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Forcing .dev domains to HTTPS via HSTS

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This blog post was published more than one year ago and might be outdated!
· 3 min read
Stephan Hochdörfer
Head of IT Business Operations

In one of our projects we had the need to access a web application via a .dev domain. The application was shipped with a self-signed SSL certificate, usually not a big deal. But not this time. Chrome and Firefox both complained that the application was using a self-signed certificate, an error I have seen many times. But this time things were a bit different, neither Chrome nor Firefox offered the possibility to whitelist the server certificate because the website was using HSTS. I checked the webserver configuration for the HSTS configuration but could not find anything. It took me quite a while to remember having read about a change in Chrome which added the HSTS configuration for the .dev gTLD by default. Also Firefox made a similar change recently which I learned about while looking on how to solve the issue.

Solving the issue (for Chrome) is rather simple. You need to slightly change the way you generate your self-signed SSL certificate by supplying configuration file, the file is called in our case:

[ req ]
default_bits = 2048
default_keyfile = server-key.pem
distinguished_name = subject
req_extensions = req_ext
x509_extensions = x509_ext
string_mask = utf8only

[ subject ]
countryName = Country Name (2 letter code)
countryName_default = US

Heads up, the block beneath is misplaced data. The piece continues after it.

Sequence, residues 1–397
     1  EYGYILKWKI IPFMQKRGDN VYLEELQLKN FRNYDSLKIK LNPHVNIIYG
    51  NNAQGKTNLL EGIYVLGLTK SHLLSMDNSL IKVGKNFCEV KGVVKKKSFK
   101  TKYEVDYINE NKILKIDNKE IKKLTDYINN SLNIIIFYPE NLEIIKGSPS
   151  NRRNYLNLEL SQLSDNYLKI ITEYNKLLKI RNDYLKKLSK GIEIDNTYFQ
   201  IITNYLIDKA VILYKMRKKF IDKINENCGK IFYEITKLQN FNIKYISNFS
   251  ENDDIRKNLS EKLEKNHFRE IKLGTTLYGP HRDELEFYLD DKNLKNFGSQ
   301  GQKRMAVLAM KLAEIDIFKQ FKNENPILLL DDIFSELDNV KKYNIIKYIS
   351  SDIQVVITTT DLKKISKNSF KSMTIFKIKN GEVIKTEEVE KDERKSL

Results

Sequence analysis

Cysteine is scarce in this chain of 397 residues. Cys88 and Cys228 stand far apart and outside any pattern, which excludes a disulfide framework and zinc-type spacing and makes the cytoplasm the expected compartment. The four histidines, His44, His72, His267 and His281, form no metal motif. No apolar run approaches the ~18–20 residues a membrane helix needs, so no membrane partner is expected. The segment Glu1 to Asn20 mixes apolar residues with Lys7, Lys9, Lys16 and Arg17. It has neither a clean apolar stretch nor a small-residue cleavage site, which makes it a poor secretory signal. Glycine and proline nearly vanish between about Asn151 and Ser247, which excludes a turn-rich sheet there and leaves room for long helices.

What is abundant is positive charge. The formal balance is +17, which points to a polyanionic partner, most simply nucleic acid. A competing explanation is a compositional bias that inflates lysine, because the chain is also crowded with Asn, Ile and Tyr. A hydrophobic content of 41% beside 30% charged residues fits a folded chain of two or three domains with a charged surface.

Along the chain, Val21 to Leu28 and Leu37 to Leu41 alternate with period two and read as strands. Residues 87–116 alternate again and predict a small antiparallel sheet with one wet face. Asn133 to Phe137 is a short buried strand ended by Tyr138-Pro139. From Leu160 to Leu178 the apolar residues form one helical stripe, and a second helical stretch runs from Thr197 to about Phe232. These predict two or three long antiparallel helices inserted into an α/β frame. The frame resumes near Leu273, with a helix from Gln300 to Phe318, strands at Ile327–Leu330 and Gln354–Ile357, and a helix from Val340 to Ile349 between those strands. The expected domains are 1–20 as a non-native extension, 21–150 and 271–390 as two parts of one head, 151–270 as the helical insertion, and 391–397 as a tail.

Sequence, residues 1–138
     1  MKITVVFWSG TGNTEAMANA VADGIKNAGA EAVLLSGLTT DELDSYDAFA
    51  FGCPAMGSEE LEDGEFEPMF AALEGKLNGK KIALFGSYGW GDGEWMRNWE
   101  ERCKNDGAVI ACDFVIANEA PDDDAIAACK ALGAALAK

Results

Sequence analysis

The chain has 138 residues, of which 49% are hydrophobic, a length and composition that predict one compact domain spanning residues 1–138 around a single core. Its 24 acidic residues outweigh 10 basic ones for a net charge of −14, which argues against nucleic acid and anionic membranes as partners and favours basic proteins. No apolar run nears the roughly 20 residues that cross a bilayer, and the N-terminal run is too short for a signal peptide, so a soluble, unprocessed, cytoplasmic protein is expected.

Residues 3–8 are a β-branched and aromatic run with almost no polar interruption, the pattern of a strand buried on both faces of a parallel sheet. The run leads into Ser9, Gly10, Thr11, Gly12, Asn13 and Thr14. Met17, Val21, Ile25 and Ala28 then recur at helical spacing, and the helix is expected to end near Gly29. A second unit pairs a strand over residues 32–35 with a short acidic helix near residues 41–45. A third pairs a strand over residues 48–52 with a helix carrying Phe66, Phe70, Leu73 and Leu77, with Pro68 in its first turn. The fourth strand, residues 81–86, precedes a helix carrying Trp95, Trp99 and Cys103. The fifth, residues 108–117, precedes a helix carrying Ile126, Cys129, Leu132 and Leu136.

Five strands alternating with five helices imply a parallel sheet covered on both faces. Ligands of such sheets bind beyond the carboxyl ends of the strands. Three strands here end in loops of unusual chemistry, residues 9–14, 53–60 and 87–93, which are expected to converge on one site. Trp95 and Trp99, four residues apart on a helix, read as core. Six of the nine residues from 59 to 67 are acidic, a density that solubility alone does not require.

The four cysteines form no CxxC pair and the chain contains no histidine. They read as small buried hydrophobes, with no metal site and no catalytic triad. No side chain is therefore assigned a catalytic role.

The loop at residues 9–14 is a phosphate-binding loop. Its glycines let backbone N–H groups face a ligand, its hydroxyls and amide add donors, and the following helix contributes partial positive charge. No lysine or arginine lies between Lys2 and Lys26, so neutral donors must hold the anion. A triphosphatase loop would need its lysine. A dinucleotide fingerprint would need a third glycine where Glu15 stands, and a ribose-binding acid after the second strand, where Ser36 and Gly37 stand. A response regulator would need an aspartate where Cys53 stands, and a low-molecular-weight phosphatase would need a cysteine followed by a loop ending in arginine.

stateOrProvinceName = State or Province Name (full name)
stateOrProvinceName_default = Somewhere
localityName = Locality Name (eg, city)
localityName_default = Secret Location
organizationName = Organization Name (eg, company)
organizationName_default = ACME Inc.
commonName = Common Name (e.g. server FQDN or YOUR name)
commonName_default =
emailAddress = Email Address
emailAddress_default =

[ x509_ext ]
subjectKeyIdentifier = hash
authorityKeyIdentifier = keyid,issuer
basicConstraints = CA:FALSE
keyUsage = digitalSignature, keyEncipherment
subjectAltName = @alternate_names
nsComment = "OpenSSL Generated Certificate"

[ req_ext ]
subjectKeyIdentifier = hash
basicConstraints = CA:FALSE
keyUsage = digitalSignature, keyEncipherment
subjectAltName = @alternate_names
nsComment = "OpenSSL Generated Certificate"

[ alternate_names ]
DNS.1 =

The important part in this case is to add the alternate_names section and define the domain name there again. Now use the configuration to generate your SSL certificate like this:

openssl req -config -new -sha256 -newkey rsa:2048 -nodes 
-keyout -x509 -days 365 -out

Since you are not able to add the certificate directly in Chrome to its certificate database, you need to do this via the cli tool certutil. In case you are using Ubuntu, it is an apt install away:

sudo apt install libnss3-tools

To import the self-signed certificate use the following command:

certutil -d sql:$HOME/.pki/nssdb -A -t "CP,CP," -n MyApp -i

For Firefox you can use the following command:

certutil -d sql:$HOME/.mozilla/firefox// -A -t "CT,C,C" -n MyApp 

However, in Firefox this won't work for now, the certificate gets imported fine, but Firefox somehow seems to ignore it. The only working solution for now seems to be to downgrade your Firefox version, accept the certificate and upgrade Firefox again. Hopefully this "bug" gets fixed soon.

Other than that, just stop using .dev domains ;)